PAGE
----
EDIT: follow up post here.
I just wanted to thank everyone who voted in my mini-poll. These are the results with an overwhelming vote for ‘bullet journal – personal organisation’.
1. Bullet journal – personal organisation
2. Bullet journal – work organisation
3. General life organisation of a 30-something
4. Writing arsenal – writing implements
5. Other: scheduling, time management, logbook, study tips, bullet journal blog planning
To save repeating myself with the same content, I’ve linked back to the top posts in the Decade Thirty Planning Series below:
These posts are bascially my personal organisation using the bullet journal. There will be a new post in the next few weeks regarding a change in my personal organisation systems, and a shift to using the bullet journal for work. I’m still trying to decide on the best option in showing my work bullet journal without compromising client confidentiality.
Bullet journal – personal organisation
Ive managed and maintained a fairly minimal planning arsenal in the last 6 months:
- Uni Shalaku 07 mechanical pencil
- Highlighter (one colour – usually pink – but whatever’s lying around)
- Lamy Safari fountain pen in black ink (NEW – previously used a Uni Jetstream 101 1.0 nib in black)
- Papermate Inkjoy 300RT clicky top in blue ink
Now in a traveller’s document wallet (TDW) containing a craft paper insert, and two grid inserts (Moleskine cahiers trimmed to size)
My Lamy pen sits in the TDW pen holder, with the highlighter and mechanical pencil tucked in the TDW wherever it can fit. The Papermate Inkjoy floats around in my bag, for those times when someone asks to borrow a pen, and never returns it (pet peeve!). I still rely on my iPhone in conjunction with paper-based planning.
There are several reasons I don’t carry as much, the main one being that my bag gets too heavy. I use my planner for just pure plannning. I’m not one to embellish with washi tape, stickers, stamps, etc., although I consider myself a creative person. I like to compartmentalise aspects of my planning life. Planning is organised, easy to access and read; whereas, my creative/journalling side is where I can be spontaneous, messy and experimental. I don’t like those two worlds to overlap. I live a busy and frantic life, I don’t need it to pour over onto my free time. That aside, simple organising means more streamline management for my life.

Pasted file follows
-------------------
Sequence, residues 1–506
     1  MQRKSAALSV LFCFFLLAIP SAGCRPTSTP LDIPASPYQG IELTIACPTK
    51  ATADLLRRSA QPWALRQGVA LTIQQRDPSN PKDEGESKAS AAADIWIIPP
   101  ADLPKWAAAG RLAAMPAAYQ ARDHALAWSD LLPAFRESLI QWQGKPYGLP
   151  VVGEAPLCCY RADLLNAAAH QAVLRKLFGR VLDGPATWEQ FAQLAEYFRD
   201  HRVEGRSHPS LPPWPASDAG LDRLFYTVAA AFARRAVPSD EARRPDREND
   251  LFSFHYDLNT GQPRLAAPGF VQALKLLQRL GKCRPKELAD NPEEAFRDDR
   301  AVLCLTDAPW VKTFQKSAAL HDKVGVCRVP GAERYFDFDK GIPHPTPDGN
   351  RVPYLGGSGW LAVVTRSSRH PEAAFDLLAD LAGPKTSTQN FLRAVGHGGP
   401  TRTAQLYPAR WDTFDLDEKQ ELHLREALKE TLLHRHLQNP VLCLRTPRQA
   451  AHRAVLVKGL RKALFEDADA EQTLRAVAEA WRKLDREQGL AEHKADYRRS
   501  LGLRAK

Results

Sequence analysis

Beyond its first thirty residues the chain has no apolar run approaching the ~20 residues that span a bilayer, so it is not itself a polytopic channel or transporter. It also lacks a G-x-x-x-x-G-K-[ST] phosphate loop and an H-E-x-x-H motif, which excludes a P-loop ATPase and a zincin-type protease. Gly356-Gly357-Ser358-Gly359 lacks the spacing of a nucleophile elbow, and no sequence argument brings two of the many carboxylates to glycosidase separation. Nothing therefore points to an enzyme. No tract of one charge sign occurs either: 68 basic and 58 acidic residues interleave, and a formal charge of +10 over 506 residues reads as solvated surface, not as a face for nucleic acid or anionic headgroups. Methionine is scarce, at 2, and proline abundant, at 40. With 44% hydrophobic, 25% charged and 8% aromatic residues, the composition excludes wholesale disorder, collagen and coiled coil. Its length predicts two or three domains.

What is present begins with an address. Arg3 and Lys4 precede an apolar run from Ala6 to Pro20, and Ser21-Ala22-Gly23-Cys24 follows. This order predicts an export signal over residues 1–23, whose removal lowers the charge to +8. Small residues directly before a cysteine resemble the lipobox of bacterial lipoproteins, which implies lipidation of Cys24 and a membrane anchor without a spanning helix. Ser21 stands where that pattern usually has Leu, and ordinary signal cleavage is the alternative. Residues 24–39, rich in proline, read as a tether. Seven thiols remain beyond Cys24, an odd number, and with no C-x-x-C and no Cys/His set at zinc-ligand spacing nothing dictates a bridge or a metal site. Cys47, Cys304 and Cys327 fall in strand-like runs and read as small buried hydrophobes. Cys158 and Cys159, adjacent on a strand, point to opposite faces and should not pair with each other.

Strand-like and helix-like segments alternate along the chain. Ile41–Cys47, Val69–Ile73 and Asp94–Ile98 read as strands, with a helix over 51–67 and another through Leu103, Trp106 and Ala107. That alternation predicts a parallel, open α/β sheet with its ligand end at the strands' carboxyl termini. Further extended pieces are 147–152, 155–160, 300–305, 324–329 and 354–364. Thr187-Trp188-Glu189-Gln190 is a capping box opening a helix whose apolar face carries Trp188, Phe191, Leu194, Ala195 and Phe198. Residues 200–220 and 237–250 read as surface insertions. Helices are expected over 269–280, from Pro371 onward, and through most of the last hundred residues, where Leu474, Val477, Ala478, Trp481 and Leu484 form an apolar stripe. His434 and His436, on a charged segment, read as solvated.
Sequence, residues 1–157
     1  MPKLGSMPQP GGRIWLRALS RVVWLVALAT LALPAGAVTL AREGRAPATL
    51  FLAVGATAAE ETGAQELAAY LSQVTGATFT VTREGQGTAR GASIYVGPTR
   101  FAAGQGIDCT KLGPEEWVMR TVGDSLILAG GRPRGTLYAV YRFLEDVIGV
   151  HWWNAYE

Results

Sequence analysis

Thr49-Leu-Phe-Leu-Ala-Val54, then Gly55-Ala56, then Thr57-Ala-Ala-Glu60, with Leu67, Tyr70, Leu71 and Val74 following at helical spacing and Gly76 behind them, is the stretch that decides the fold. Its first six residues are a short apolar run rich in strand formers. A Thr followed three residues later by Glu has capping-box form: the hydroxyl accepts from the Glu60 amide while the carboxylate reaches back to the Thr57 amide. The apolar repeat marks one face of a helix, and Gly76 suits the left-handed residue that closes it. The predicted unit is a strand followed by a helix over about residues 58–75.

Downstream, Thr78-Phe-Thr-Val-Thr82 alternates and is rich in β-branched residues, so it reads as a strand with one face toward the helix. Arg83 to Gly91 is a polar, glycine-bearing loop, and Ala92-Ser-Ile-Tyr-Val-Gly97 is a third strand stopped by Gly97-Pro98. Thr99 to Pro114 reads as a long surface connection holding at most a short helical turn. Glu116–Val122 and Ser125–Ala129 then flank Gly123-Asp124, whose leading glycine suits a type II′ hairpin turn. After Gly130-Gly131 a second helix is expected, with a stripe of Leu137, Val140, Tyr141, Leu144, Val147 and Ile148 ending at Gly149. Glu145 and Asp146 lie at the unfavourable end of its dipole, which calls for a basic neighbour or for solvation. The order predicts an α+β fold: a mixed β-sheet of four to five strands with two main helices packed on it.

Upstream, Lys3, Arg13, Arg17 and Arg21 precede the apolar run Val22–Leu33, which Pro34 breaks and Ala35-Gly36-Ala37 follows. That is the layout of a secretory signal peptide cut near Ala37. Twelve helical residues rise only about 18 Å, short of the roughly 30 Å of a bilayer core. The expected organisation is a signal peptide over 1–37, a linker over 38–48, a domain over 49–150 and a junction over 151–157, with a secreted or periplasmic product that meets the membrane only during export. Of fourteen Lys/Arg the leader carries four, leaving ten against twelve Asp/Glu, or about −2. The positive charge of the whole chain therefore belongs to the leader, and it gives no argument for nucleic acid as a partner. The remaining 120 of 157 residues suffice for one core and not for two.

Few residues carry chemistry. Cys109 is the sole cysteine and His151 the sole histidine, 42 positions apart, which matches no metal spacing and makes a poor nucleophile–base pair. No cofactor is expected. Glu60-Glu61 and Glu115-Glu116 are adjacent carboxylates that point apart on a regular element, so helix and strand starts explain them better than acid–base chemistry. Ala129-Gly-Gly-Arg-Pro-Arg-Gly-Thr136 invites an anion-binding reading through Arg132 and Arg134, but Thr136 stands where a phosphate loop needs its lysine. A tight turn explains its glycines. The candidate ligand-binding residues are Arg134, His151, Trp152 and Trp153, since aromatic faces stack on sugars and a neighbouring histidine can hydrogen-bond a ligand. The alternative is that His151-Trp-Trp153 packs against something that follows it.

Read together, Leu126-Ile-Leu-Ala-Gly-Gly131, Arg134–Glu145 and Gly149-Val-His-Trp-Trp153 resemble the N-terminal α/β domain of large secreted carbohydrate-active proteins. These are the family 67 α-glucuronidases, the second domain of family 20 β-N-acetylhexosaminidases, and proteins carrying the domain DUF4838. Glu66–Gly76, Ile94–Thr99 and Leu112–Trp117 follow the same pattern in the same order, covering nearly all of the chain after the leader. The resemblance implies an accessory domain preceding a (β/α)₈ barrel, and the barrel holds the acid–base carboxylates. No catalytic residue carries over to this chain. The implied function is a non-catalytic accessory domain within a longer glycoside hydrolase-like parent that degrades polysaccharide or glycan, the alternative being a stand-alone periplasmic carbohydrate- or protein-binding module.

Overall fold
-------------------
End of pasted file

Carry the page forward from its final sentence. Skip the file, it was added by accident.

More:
This was mentioned in my new acquisition post.
The craft notebook was made by me using paper I purchased from Daiso. I wish I bought more because it’s pretty good for craft paper and my local Daiso has stopped stocking them! Anyhoo, the craft notebook is inserted into the inside left cover of the TDW. This is a new habit I’m trying to develop, which I like to call the “daily one-liner”. It’s basically one line to summarise my day, whether it’s a mood, an event, one simple thing I enjoyed, etc., and I use different typography styles and simple graphics to eventually fill entire pages of it. (See a sample of this in the ‘new acquisitions’ post). There’s usually a process of sitting still for one minute to clear my head, and then going ahead with a “daily one-liner”. I’m the first to admit that this isn’t an original idea, and was probably inspired by those 5-year journals that have been in circulation for several years now. But this process for me is a form of quick meditation and journalling in one.
The two grid notebooks are inserted in the right side cover, overlapping each other.
These are my main organisation notebooks, and like I mentioned before, I’ll be sharing the changes in the next few weeks.But for now, I hope this post provides some help in your organisational pursuits to those who are new, wanting to change/improve their current systems, procrastinating on tasks, and/or just wanting to be nosy ;)
More to follow… I promise!